The author obviously has a very definite attitude toward the régime in Germany, but her reactions remain external, never marring the sparkling surface of the narrative. So too her characters, German and English alike, are simplified black and white portraits, types that never become individuals. Only Frances Myles occasionally comes alive with a touch of feminine insight or feminine observation. But the lack of depth keeps the action moving rapidly and induces in the reader very much the same state of mind produced by a detective story. Perhaps, in the last analysis, the closest parallel is a Hitchcock film, which has the same one-dimensional portraiture, the same pervading atmosphere of suspense, the same Englishness.
Margaret Stern, in a review of "Above Suspicion," in Commonweal (copyright © 1941 Commonweal Publishing Co., Inc.; reprinted by permission of Commonweal Publishing Co., Inc.), Vol. XXXIV, No. 16, August 8, 1941, p. 378.
Again Helen MacInnes has done it and this time in a more complex and ambitious work than her first espionage novel, "Above Suspicion." The new book, "Assignment In Brittany" leaves small doubt as to her creative powers. She is more than the weaver of an exciting tale of war intrigue; she is a novelist who can hold her own on literary grounds. Her background, her characterization, her detail of plot and dialogue possess finesse and subtlety and reality. And just as she brought the feeling and atmosphere of Germany into her first book, so does she capture and translate for the reader the strength and the spirit of the land and the people of Brittany….
Brilliantly Miss MacInnes develops and expands the complexities of her plot. But even better than her plot is her description of the Breton countryside and its natives. She writes about them as one who knows them and loves them. The Corlay farm might be a place she has lived for years; the tiny seacoast hamlets with their fishermen, who were willing to risk their lives to carry the enemies of the conquering Nazis to safety, communities and people she has always known. A Frenchman could not write about them with greater personal warmth and regional design….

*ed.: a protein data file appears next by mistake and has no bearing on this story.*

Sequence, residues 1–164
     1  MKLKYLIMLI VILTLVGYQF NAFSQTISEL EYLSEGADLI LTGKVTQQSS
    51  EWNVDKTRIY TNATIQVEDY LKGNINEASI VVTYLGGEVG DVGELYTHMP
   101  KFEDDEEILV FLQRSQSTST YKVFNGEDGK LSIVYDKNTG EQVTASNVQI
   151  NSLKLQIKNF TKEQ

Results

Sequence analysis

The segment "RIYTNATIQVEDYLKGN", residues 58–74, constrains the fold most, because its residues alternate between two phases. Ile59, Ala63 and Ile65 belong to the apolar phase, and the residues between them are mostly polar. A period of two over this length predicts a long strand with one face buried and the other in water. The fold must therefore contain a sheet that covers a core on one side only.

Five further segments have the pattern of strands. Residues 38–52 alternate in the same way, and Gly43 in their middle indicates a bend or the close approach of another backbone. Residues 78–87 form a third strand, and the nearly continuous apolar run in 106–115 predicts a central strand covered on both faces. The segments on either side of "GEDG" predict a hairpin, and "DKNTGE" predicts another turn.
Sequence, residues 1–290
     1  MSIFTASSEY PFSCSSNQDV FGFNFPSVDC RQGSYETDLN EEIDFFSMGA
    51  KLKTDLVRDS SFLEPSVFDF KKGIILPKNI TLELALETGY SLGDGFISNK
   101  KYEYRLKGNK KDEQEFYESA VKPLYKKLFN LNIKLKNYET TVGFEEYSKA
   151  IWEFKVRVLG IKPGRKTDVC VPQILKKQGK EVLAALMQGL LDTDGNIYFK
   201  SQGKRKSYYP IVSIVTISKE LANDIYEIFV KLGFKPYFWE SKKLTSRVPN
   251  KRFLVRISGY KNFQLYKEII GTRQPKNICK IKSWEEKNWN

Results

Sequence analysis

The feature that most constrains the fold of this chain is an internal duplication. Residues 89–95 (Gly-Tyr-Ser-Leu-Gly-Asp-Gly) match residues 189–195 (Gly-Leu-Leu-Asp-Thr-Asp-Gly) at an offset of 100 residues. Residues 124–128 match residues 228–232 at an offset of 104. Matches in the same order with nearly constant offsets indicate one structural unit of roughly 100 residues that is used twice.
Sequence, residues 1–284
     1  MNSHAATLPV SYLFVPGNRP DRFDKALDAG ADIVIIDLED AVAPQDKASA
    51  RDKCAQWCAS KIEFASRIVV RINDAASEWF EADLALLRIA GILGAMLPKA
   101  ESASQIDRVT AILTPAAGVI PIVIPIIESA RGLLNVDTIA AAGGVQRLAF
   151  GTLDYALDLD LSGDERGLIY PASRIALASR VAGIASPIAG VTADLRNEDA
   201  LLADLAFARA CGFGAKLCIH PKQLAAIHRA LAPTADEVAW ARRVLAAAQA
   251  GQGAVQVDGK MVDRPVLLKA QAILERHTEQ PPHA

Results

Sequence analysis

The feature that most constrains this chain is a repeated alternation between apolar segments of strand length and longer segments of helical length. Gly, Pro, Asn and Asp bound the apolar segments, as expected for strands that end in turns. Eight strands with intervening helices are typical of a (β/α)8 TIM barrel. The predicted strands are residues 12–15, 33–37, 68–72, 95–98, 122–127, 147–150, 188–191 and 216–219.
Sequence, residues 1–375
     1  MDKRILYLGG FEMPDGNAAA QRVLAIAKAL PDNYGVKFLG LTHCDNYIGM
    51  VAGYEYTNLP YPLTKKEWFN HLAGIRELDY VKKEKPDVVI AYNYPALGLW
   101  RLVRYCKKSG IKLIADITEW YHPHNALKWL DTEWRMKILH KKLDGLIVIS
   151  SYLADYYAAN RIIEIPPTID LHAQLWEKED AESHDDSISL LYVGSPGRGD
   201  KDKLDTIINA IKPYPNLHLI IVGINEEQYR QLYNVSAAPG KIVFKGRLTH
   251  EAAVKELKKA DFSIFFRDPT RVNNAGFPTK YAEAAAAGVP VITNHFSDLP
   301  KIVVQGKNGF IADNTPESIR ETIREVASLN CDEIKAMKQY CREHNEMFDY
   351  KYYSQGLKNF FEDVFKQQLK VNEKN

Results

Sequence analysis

There is a love story woven into the tale, and wisely Miss McInnes gives it second place. But even in second place it rises to distinction by virtue of her subtle and restrained writing. And like a murmuring accompaniment to all that happens in the four weeks of Hearne's stay in Brittany is the restless ferment of a proud people who are only temporarily conquered. Before long, one is certain, the murmur will rise to a shout. "Assignment in Brittany" is more than good entertainment; it is a war book that carries the lift of faith and of ultimate victory.
Rose Feld, "Brittany Parachute Adventure," in New York Herald Tribune Books (© I.H.T. Corporation), July 12, 1942, p. 2.
John C. Cort
Don't be scared away by the unfortunate title. "While Still We Live" … is another successful effort by Helen MacInnes, who proved in "Above Suspicion" and "Assignment in Brittany" that she has a happy flair for combining exciting fiction with her own personal war against the nazis….
You get the feeling that Miss MacInnes is straining a bit, trying to do something more important than just another good mystery thriller about fighting Hitler. For such heavy-duty stuff it doesn't appear that she has quite enough artillery. She is always intelligent and interesting—well, nearly always—but outside the heroine, who is obviously Miss MacInnes and very charming, the characters are just a little too simple, a little too much like the people you meet in good mystery thrillers.